About the Book
Ten years ago, Calamity came. It was a burst in the sky that gave ordinary men and women extraordinary powers. The awed public started calling them Epics. But Epics are no friend of man. With incredible gifts came the desire to rule. And to rule man you must crush his wills.
Nobody fights the Epics…nobody but the Reckoners. A shadowy group of ordinary humans, they spend their lives studying Epics, finding their weaknesses, and then assassinating them.
And David wants in. He wants Steelheart – the Epic who is said to be invincible. The Epic who killed David’s father. For years, like the Reckoners, David’s been studying, and planning – and he has something they need. Not an object, but an experience.
He’s seen Steelheart bleed. And he wants revenge.
386 pages (paperback)
Published on Septemer 24, 2013
On the surface, there’s nothing about Steelheart that I should actually like. That’s a huge reason why I really had almost no desire to read it. I am not into comics. I don’t enjoy superheroes. Obvious good vs. evil plots don’t do much for me. I don’t really go for books about young adults (or “new adults” in this case). However, there was a Black Friday sale on Audible, and I decided to go for this one. (It was $4.95. You really can’t go wrong for that price.)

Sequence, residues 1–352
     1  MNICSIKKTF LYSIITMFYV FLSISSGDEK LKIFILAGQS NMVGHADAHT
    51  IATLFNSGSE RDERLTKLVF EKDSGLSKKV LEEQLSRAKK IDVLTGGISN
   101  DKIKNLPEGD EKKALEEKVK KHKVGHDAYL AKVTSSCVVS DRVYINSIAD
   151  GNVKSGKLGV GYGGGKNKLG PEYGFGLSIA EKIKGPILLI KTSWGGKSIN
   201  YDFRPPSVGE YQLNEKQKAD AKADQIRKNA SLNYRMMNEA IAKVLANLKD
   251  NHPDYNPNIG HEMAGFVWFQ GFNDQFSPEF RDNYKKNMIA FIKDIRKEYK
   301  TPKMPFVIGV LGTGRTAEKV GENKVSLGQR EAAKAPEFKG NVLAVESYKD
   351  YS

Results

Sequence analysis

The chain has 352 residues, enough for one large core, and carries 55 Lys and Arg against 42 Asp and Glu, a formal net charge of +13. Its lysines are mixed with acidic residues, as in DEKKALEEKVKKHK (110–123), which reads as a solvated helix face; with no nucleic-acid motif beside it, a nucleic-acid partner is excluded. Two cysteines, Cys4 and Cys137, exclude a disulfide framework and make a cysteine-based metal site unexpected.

Steelheart is a homage to comics. It’s loud and dramatic. There’s tons of flashy action and the woman who David (the absolutely fantastic protagonist) becomes almost unreasonably obsessed with. There are villains, and underground aspects of society (in the literal and figurative ways). Really, Stealheart is basically a comic book in novel form….
Wow, I really should have thought of a better way to say that.
The story will instantly hook readers. Sanderson has a way with writing. Of course, he should. The man certainly is a practiced author. However, the other books I’ve read by him were pretty serious, and very epic. Even Mistborn, while being a bit more “fun” than his other books, are still epic and serious compared with Steelheart. The style of writing due to that, and due to the age group that this is written for, makes Steelheart a different reading experience.
Steelheart is, at its heart, fun. It’s very fun. It’s not incredibly serious, and has a unique, Sanderson-esque spin on the superhero tale. Yes, it is predictable, and yes, it can be kind of tropey, but this is one of those rare books where it works. It’s supposed to be kind of predictable. The evil guy is supposed to be evil and the good guys are supposed to be good. Tropes and predictability, in this case, work very well.
David is an easy protagonist to like. He tries hard, almost too hard, and he’s incredibly awkward. His awkward moments had me laughing out loud quite often.
Megan’s eyes could have drilled holes through . . . well, anything, I guess. I mean, eyes can’t normally drill holes through things, so the metaphor works regardless, right? Megan’s eyes could have drilled holes through butter.